This piece was done by Sammy Bockleman of Birch Avenue Tattoo in Flagstaff, AZ - taken from

This piece was done by Sammy Bockleman of Birch Avenue Tattoo in Flagstaff, AZ – taken from

Bear with me as I make all this up pretty much on the spot – feel free to provide insightful feedback:

Until recently, and still arguably today, people that are tattooed are generally viewed as rebellious, often drug users, or even violent. Women with tattoos are sometimes assumed to be ‘loose’, or otherwise tainted. Google “Tattoo Women” and you get an entire page of hypersexualized women with chest tattoos. Depending on the nature and degree of tattooing, people are denied jobs, asked to cover parts of their bodies (sometimes rather creatively), or assumed to be less than a contributing member of society. Bodies of Inscription, by Margo DeMello and Bodies of Subversion, by Margot Mifflin are both scholarly books entering a discourse on tattooing, anthropologically in American and Canadian culture, and gender specifically, respectively.

Another issue I face in being interested in the rhetorical space of talking about tattooing, is in my inability to uncover ‘why’ people get tattooed. Popular reality television shows like L.A. Ink or Ink Master spend much of their time discussing the deep meaning and/or memorialization behind every tattoo they feature. As a result, as common argument I have heard is that people with tattoos should not have got tattooed if they didn’t want to divulge all the inner (private) meanings of their tattoos. It is as though the ‘norm’ of the public sphere is somehow transformed into a public body with permissions to interrogate, gaze at, and even touch a person who has chosen to get tattooed. Further, it is not uncommon to hear phrases like, “What will you do when you are older?” ; “How will you find a job?”; or “Don’t you know you are stuck with that for life?” – as though the tattooed body is somehow now in a prison from which the marked cannot escape. Somehow, because their body is less private according to the ‘norm,’ is it more of an inescapable prison than it was before it was marked?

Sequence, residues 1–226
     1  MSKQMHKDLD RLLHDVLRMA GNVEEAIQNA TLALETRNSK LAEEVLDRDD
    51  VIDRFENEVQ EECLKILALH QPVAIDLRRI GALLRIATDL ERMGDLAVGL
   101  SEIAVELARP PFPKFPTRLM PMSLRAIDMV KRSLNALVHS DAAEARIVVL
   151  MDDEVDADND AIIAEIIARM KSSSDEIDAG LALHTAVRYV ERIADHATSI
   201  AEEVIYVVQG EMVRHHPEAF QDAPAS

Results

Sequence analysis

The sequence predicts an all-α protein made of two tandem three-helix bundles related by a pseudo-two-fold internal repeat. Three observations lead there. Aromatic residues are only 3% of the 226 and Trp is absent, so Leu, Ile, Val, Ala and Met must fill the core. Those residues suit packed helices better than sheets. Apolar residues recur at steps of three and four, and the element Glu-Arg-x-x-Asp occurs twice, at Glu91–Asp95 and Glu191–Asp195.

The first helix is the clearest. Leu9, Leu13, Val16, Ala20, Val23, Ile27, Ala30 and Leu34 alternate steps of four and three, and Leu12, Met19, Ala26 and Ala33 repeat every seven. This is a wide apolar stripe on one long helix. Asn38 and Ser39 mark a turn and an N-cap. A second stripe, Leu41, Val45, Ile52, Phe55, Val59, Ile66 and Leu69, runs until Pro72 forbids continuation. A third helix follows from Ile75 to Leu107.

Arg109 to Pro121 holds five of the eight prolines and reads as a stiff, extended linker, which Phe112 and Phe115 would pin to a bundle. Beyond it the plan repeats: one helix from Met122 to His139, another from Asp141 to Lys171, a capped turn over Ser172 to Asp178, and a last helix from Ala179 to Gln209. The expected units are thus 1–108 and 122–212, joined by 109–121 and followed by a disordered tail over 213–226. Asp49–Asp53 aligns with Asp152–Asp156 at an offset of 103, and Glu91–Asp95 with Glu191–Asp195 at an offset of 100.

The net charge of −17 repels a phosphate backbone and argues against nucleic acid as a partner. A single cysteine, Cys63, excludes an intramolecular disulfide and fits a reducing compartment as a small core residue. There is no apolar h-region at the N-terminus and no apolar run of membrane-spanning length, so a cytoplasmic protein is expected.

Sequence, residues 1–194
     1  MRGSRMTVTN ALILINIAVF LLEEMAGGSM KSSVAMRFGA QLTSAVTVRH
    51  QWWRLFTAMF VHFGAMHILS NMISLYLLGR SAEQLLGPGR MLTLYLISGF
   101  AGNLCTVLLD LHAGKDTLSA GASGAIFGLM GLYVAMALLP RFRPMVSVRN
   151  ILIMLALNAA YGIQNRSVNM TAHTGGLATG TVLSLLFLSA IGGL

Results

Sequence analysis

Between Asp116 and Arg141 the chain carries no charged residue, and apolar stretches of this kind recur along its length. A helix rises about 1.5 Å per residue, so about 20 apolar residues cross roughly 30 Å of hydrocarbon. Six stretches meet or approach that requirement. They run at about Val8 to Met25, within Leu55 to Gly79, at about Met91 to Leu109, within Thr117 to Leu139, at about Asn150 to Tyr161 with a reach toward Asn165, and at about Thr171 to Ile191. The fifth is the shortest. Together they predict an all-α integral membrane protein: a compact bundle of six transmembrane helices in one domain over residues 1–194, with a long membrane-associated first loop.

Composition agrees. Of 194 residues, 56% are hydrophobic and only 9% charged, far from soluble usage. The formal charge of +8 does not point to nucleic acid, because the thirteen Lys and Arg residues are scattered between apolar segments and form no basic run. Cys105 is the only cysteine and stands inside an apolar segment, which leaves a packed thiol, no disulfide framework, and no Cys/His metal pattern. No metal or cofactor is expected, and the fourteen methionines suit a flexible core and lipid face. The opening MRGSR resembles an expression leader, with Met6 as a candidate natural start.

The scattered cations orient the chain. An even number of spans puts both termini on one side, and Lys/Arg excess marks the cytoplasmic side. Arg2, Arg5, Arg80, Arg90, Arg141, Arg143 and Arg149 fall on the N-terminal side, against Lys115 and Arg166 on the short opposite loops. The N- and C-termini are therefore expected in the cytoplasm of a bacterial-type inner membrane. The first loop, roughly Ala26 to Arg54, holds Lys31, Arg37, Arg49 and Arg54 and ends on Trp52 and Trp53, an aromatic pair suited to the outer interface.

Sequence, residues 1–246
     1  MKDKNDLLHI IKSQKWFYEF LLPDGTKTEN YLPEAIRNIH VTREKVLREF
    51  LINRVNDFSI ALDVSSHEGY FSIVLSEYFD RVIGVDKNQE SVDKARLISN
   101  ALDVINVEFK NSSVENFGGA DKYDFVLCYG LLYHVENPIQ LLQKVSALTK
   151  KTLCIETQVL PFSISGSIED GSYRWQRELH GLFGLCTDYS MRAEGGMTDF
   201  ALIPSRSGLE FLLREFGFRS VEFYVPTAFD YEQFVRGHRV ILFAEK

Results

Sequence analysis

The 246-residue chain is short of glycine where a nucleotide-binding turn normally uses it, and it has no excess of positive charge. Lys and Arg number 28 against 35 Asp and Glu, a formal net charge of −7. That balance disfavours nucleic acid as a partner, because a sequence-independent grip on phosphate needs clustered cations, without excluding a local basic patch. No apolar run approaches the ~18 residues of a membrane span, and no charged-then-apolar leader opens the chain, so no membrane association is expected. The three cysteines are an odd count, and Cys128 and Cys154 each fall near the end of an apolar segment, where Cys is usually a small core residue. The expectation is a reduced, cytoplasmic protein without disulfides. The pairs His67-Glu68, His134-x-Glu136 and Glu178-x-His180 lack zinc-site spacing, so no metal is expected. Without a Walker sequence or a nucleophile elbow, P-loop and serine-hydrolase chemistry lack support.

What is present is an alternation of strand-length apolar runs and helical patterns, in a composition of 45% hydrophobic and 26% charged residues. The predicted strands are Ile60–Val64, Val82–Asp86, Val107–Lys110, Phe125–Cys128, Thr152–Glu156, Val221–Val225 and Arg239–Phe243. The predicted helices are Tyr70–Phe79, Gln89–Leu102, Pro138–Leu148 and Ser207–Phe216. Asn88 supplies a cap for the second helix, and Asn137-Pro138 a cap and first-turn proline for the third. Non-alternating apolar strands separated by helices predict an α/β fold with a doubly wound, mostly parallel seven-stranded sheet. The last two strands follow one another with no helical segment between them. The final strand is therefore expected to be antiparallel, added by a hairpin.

Unlike communities aimed at building a literacy for a perceived common good (though Higgins, Long and Flower tell us that common ground is very hard to come by), tattooed people do not automatically form a common culture based on their tattooed status. There is no ‘local public’ for them to seek out. What would be interesting however, is to find (or create) an empirical study based around how two tattooed strangers might approach and greet one another as opposed to how someone ‘normal’ and endowed with the right to interrogate, gaze, or touch, engages a tattooed person. Again, this likely varies depending on the degree and nature of tattooing involved parties possess. Is there a public code one tattooed individual adheres to with another tattooed individual? If so, is this code understood, as a covert gang sign, color, or graffiti symbol might be understood in Cintron’s article? Where does one learn this code? Is it transferable?